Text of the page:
The negotiations are being held at Beau Rivag, a historic hotel in Lausanne. It had hosted the talks for our “Treaty of Lausanne.” As is known, although it was planned for July, no agreement could be made with Iran on the nuclear issue on that day, and a new schedule was slated for late March this year.
According to the plan, a memorandum of understanding would be prepared by the end of March and the text of the agreement will be drafted by the end of June. Although no information has been leaked, the attitudes of the parties and the fact that all foreign ministers have canceled their appointments to head for Lausanne tells us that the negotiations have reached a critical stage.
Iran favors the continuation of the dialogue even if progress is made with small moves and the maintenance of negotiations, even if no deal is made. This attitude stems from the challenging nature of negotiations, not from Iran’s old trick of buying itself time. Iranian President Hassan Rohani and the Iranian delegation that is conducting the negotiations in Lausanne certainly have the intention of finding a solution and reaching a compromise.
But it is Ali Khamenei who calls the shots in the nuclear issue. Currently, Khamenei is silent. He is known to lend support to the negotiations, but uncertainty lingers regarding its outcome and targets. It is not a cakewalk to shake the hand the “devil” extends.
Barack Obama, the initiator of and lead player in the negotiations, has recently sent messages to Tehran, availing himself of the opportunity of the Newroz festivities, and this is another sign that the talks have reached a critical stage. In his message, Obama not only stresses the historic opportunity for the peaceful settlement of the issue and advises that this opportunity should be used, but he also refers to the mood of the House of Representatives and cautions that this opportunity may not be able to be seized again.
During the last summit meeting of the European Union, British Premier David Cameron, French President François Hollande and German Chancellor Angela Merkel held a tripartite meeting to discuss the negotiations with Iran in an effort to come up with a common attitude, which is another proof that the process has reached a critical stage.
According to the reports, the talks mainly focus on three matters. It seems that Iran has made progress in acquiring the knowhow for nuclear energy and nuclear technology. Iran seeks to be considered “normal” regarding the nuclear issue and in international relations like Sweden or Japan, after a period of transition. Washington and Brussels apparently have given the green light to this vision.
Khamenei may market this as a victory, saying that they haven’t yielded to the West’s wish to ban Iran’s nuclear technology. The West insists that the transition period should be long and strict controls should be made during this period.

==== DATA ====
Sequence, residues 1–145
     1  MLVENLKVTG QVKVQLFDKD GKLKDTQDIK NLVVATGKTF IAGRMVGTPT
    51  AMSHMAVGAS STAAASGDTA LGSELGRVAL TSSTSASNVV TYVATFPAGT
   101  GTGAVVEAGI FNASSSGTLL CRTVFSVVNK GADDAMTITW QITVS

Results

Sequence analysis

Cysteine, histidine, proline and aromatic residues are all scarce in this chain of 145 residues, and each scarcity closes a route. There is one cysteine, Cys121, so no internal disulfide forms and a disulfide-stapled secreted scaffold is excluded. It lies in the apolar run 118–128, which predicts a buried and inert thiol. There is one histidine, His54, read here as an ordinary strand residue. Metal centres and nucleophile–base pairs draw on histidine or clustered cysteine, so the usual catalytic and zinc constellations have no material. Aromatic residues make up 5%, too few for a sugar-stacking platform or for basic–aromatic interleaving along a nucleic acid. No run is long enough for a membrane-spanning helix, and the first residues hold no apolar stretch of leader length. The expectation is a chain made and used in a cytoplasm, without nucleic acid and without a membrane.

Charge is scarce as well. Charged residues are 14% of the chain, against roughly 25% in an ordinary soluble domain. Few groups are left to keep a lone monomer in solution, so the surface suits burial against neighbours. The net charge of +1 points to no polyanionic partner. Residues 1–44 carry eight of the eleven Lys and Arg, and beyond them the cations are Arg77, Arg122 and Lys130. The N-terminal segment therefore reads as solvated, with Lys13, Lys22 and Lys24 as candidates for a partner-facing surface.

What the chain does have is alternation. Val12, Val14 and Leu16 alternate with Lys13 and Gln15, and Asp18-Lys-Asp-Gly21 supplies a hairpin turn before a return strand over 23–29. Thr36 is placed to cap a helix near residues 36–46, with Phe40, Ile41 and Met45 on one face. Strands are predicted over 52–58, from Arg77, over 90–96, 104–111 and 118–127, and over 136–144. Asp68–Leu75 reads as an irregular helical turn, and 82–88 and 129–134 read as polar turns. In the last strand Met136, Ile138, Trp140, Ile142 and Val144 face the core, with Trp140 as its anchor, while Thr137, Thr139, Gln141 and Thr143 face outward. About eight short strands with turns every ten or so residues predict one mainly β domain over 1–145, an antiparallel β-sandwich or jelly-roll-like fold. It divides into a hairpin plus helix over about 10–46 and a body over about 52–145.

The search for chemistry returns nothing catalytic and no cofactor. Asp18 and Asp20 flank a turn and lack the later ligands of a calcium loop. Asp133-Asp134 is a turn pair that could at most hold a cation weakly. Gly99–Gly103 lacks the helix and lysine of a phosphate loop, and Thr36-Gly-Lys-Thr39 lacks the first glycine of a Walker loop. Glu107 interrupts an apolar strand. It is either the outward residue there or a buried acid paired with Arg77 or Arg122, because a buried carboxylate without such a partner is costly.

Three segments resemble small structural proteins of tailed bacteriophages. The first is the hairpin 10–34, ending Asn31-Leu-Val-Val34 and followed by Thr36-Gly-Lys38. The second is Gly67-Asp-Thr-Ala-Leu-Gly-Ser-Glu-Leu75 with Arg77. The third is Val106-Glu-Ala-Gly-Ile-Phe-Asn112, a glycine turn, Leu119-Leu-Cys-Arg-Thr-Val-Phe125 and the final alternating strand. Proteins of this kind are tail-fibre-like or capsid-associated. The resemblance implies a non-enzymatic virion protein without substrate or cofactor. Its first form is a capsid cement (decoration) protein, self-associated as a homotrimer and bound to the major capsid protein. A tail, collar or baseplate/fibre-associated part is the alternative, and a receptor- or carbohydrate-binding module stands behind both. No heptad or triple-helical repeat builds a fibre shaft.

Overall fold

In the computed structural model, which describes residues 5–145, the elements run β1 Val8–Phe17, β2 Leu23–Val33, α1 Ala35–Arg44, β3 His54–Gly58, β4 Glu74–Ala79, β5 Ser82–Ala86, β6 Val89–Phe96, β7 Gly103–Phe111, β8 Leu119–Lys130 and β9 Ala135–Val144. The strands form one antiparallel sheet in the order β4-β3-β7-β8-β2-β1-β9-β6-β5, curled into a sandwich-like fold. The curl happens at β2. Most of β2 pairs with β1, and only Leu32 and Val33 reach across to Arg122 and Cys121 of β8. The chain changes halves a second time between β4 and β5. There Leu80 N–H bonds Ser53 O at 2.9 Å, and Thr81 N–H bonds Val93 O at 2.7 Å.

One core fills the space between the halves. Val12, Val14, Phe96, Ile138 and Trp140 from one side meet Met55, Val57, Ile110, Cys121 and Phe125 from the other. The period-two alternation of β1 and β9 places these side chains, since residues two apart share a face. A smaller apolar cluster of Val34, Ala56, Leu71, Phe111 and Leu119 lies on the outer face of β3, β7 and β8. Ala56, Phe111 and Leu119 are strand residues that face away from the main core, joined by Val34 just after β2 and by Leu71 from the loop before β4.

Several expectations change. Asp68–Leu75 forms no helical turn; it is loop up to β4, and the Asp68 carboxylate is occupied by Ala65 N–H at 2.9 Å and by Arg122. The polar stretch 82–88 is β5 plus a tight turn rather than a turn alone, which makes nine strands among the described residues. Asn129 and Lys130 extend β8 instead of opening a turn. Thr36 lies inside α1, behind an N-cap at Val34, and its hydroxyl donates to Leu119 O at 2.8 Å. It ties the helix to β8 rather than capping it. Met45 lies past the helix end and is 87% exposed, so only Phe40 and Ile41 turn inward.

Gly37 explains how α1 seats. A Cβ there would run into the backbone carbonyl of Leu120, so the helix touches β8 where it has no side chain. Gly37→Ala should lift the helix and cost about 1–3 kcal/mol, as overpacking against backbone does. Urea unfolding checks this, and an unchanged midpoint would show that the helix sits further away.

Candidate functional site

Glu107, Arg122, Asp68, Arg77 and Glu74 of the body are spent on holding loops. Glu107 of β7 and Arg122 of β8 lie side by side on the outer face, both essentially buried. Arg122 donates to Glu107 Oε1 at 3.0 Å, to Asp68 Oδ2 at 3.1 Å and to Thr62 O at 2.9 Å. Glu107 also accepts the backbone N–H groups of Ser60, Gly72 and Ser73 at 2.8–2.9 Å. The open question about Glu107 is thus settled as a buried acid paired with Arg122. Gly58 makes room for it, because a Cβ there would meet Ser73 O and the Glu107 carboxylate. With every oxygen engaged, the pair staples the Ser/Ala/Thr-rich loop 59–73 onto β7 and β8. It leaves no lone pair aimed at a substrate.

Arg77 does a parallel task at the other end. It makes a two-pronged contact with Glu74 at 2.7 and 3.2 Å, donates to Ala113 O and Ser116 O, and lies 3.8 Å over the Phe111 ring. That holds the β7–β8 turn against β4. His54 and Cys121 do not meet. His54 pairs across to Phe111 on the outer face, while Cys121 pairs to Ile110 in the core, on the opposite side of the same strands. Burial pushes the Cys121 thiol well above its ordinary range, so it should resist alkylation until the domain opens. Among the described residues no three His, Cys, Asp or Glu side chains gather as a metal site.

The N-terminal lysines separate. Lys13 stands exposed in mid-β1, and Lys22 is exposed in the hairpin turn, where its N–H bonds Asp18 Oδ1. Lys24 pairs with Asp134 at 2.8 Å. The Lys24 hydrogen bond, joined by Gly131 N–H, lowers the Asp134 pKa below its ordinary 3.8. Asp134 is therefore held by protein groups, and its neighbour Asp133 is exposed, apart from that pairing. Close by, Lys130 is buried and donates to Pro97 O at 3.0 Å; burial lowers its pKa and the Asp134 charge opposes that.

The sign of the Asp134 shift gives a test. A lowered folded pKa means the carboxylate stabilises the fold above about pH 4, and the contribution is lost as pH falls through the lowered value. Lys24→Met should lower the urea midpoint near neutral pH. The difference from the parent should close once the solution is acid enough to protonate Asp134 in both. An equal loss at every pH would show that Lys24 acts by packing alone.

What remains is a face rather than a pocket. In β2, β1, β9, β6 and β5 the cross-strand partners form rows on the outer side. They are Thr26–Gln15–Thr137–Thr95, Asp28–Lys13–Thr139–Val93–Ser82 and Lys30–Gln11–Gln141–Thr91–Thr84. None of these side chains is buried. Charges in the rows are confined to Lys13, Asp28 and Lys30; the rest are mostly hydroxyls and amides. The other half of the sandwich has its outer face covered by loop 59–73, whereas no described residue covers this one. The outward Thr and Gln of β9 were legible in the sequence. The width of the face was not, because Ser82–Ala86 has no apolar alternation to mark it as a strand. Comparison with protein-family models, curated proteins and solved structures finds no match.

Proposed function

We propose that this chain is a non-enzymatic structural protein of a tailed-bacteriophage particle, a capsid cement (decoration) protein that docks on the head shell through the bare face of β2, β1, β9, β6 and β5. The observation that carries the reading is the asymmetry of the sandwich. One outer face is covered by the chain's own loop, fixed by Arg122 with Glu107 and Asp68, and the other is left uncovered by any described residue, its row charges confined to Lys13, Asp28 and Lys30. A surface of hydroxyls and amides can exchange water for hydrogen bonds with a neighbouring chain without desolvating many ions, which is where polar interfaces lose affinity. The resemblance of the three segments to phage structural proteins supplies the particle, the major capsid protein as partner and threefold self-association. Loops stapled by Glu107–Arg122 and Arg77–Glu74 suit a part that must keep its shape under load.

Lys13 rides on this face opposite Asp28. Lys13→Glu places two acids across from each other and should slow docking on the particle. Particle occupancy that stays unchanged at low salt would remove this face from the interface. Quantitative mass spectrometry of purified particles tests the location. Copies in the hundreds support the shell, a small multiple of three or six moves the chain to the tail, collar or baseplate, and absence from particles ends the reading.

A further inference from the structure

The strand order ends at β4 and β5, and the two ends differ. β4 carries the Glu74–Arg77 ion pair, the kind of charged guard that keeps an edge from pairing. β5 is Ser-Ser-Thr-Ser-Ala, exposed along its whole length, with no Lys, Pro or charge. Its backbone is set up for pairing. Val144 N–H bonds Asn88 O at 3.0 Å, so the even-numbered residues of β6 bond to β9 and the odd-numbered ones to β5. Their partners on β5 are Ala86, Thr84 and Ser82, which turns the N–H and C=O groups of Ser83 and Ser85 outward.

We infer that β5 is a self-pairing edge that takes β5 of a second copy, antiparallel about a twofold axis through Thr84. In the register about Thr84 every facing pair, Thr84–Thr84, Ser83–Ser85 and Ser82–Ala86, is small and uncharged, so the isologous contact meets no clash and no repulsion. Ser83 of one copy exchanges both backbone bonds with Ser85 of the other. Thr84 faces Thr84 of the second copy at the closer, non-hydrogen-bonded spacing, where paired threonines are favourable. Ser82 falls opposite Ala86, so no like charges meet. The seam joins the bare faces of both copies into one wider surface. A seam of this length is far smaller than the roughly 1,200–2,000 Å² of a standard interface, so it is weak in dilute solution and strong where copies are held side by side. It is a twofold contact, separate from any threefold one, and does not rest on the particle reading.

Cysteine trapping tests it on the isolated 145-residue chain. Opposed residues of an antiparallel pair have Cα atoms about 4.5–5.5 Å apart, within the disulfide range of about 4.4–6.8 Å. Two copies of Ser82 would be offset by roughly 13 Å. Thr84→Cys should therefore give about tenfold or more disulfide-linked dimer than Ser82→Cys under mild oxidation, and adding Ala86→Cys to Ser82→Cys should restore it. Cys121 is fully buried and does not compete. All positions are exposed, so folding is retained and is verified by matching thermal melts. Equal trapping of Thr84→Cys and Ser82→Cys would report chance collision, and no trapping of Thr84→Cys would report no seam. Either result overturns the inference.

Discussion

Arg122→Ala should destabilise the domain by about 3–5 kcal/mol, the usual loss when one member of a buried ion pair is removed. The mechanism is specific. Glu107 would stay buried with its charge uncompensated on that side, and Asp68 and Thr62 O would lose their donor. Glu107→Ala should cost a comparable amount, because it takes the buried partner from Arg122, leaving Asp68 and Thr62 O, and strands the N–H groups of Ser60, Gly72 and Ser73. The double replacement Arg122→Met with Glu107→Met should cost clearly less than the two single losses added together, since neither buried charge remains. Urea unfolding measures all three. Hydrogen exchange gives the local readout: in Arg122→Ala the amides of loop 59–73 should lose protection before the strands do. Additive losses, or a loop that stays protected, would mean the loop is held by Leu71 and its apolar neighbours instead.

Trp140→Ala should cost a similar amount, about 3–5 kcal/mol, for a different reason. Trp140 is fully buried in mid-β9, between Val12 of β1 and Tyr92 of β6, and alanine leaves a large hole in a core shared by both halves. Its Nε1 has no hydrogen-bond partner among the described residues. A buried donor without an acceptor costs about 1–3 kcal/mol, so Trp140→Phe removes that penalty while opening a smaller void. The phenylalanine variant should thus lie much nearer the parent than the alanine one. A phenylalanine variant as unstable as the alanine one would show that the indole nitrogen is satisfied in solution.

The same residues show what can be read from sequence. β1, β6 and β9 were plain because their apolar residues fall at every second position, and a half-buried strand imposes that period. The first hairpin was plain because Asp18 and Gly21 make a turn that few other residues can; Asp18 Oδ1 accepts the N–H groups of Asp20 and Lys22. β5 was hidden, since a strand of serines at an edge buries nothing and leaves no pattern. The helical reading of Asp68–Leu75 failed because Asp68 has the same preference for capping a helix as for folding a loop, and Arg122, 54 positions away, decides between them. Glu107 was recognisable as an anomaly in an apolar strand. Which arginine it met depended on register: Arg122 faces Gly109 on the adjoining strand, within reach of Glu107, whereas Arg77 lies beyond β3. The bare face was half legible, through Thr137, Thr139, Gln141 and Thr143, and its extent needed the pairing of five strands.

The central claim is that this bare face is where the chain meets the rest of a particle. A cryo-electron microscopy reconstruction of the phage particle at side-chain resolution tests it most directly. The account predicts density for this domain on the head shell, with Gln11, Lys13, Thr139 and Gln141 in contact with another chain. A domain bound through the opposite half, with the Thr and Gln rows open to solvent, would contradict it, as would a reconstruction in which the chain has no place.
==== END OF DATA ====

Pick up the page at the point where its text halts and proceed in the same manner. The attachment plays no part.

Their priority is to prevent Tehran from quickly acquiring the capacity of produce nuclear weapons. The intention is to keep Iran technically without the capacity to produce bombs for a period of one year. There are rumors that extremely creative proposals are on the table to this end.
The main target is to limit the Iran’s uranium enrichment park with 6,000 units and restrict its overall technological capacity. Enriched uranium will be sent to Russia. The second matter is about audits. The West insists that Iran should be open to audits by the International Atomic Energy Agency (IAEA). Inspection is not only a critical matter, but also the parties are very concerned about it. It is a matter of honor for Iran and of trust for the West.
The issue of embargoes, a critical matter for Iran, has not been settled yet. There is a complicated architecture of embargoes imposed with the United Nations Security Council, US and EU resolutions. Since the beginning of the negotiations, Washington and Brussels have continued to implement embargoes and argue that this issue should be settled gradually. While this is not a problem for the EU, the approval of the House of Representatives is required for the lifting of some of the embargoes. In other words, it will take some time to lift all embargoes.
Despite the messages of significant progress being made in the talks, certain glitches may appear during the phase of the writing of the agreement. Yet, Iran is tired of paying a heavy price for its nuclear adventure and therefore, it is very likely for it to shake the devil’s hand.
Furthermore, the current situation in the Middle East advises dialogue, not tension, with Iran. This fact is visible to everyone, except the residents of the Ak Saray palace who continue to raise tension both inside and outside. Until a few years ago, the talks with Iran were conducted in Iran under Turkey’s mediation. How swiftly things are changing!